Tuesday, 27 June 2017

Painting Competitions : Popular / Public Voting vs Painting Judges... My Experiences and Opinions

In nearly 30 years of painting minis and 20 years of entering painting competitions, I've entered quite a number of gaming tournaments with "Best Painted Army" scoring, and dedicated painting competitions.  The overwhelming majority of those were scored / judged / decided on by either a single judge, or a team of judges.  However, there were a number of them where the final results were decided by popular vote, and I thought I should share my experiences and opinions regarding both methods.

Most of you will be familiar with the standard judging method.  You enter some painted miniatures, there's a designated judge (or team of judges) that examine them, and they score the entries or rank them based on their own criteria.

The other method is to invite the general public to vote or judge the entries instead.  It could be by popular vote (everyone votes for their favourite entry, and then the entry with the most votes wins), or by rankings (assign points to entries, and the winners are determined by total number of points), or perhaps some other way of determining the will of the people.

Both ways of determining the winners have a number of pros and cons, most of which are very dependent on WHO in particular is doing the judging.  A quick rundown of what the advantages and disadvantages of either would be:

-Consistency in judging.

I would give this one to the standard judging method.

If you have designated judges, the same people are doing the judging for all the entries, based on the same criteria, personal biases, and examination "environmental factors" (lighting, time spent per entry, etc).  No entry is judged under different conditions or biases. No entry is skipped over, because it's the judge's duty to examine every entry in the competition.

This is important, because many convention attendees or fellow painting competitors may only give some of the entries the most cursory of glances, or ignore some entries altogether.  They may only favour the ones that are displayed at eye level.  They may only look at the ones in the display cases closest to the gaming tables.  Or they may only look at the models that come from the army or game range that they are fans of.  In short, they may not give every entry a fair shake.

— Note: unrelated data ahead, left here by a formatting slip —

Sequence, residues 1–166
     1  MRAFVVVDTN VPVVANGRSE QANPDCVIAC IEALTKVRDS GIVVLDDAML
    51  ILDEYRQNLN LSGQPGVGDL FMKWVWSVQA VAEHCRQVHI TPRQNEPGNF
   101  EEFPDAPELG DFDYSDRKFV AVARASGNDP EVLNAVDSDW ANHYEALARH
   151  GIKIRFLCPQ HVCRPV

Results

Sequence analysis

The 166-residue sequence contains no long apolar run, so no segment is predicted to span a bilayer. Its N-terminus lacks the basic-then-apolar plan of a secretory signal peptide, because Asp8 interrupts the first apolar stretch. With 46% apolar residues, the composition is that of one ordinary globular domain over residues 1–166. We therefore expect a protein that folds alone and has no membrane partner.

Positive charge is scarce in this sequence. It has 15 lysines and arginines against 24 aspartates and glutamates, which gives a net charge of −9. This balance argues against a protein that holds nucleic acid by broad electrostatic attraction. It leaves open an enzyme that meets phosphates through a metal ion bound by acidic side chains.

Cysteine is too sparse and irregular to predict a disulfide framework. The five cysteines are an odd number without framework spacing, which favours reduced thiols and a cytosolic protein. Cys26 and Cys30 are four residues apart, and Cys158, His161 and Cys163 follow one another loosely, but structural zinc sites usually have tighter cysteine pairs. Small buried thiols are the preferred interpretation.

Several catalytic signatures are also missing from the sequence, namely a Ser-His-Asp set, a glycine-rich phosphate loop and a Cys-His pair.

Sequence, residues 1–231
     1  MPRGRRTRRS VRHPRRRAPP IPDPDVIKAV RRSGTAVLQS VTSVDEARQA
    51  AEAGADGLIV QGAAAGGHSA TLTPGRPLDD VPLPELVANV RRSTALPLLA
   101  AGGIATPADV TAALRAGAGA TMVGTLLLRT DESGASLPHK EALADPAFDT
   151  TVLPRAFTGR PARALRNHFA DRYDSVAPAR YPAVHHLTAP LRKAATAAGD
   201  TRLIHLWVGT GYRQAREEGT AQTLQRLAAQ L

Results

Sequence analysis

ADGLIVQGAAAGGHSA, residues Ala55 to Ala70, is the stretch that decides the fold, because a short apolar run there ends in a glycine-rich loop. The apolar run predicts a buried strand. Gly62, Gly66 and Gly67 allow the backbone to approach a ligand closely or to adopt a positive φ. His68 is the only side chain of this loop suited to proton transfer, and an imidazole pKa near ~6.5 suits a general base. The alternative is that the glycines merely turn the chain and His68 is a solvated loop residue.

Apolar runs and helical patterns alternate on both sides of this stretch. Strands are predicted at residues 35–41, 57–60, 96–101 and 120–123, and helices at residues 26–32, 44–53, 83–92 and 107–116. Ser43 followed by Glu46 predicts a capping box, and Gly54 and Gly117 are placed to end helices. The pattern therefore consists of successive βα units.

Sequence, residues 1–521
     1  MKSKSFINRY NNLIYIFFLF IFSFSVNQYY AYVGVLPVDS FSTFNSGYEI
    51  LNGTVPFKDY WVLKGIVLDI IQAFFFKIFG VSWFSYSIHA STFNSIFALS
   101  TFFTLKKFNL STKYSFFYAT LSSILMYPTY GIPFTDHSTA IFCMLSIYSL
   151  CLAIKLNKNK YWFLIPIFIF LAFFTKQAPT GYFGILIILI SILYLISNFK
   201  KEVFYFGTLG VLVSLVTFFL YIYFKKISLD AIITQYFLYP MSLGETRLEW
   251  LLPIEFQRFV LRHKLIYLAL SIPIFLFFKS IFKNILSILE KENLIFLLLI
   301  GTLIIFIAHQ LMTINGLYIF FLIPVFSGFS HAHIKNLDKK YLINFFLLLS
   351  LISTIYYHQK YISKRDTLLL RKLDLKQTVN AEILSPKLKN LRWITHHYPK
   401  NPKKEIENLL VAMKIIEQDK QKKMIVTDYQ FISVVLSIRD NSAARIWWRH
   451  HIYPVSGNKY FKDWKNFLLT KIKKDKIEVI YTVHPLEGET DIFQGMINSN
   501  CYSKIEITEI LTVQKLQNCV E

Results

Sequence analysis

-Standard of judging.

If the competition organizer gets to pick his or her judges, you know what you are getting in terms of a critical eye.  Yes, we all know that "beauty is in the eye of the beholder", and that everyone's opinion of "art" is valid.  However, if the judge is a skilled painter, then they should be able to recognize certain techniques used, and understand how well executed they were.

It's like hiring a home inspector when you've decided to purchase a house.  Or having a trained mechanic look over a used car before you buy it.  These people are professionals.  They know what to look for.  They will recognize if something has been well maintained, or expertly put together.  Sure, it's nice to have your dad or mom look over the house or car and give you an opinion on it, but unless they are experienced and knowledgeable in that field, how reliable is their judgement?

I have entered more than a few painting competitions that were presided over by inexperienced judges, or ones who had only mastered the most rudimentary painting techniques.  I can't tell you how pissed off a contestant can be when their 40-60+ hour flawlessly blended mini gets "beat" by a 20 min drybrush special.  Or if that flawless hand blended mini gets mistaken for and dismissed as a "quickie airbrush job" by someone who can't tell the difference (and also doesn't get how difficult a tool an airbrush is to master!).  Imagine if you entered a cooking competition, came up with a full course meal that belonged in a Michelin rated restaurant, and lost to someone who entered a microwave pizza-pop because the judges themselves still thought that making toast was a neat trick?  Yeah... that's kind of how it feels like...

Yeah, this should TOTALLY win a top-tier cooking competition.

However, if the judges are well respected, indisputably talented painters of the highest caliber, then while they may still be subject to some personal preferences and minor biases, they are not likely to overlook the amount of effort and difficulty that went into a particular project.  Therefore, the final decisions made by the judges may be more widely accepted as well.  A good judge should be able to defend their decisions with more than something like, "Oh, that model was awesome-er than the others."

Popular voting exacerbates these issues.  Not all the voters will be particularly skilled or knowledgeable painters... many of them will be novices.  Provided that the vast majority of voters are good painters themselves, this may still work out well, but if not...

-Hidden agendas affecting judging.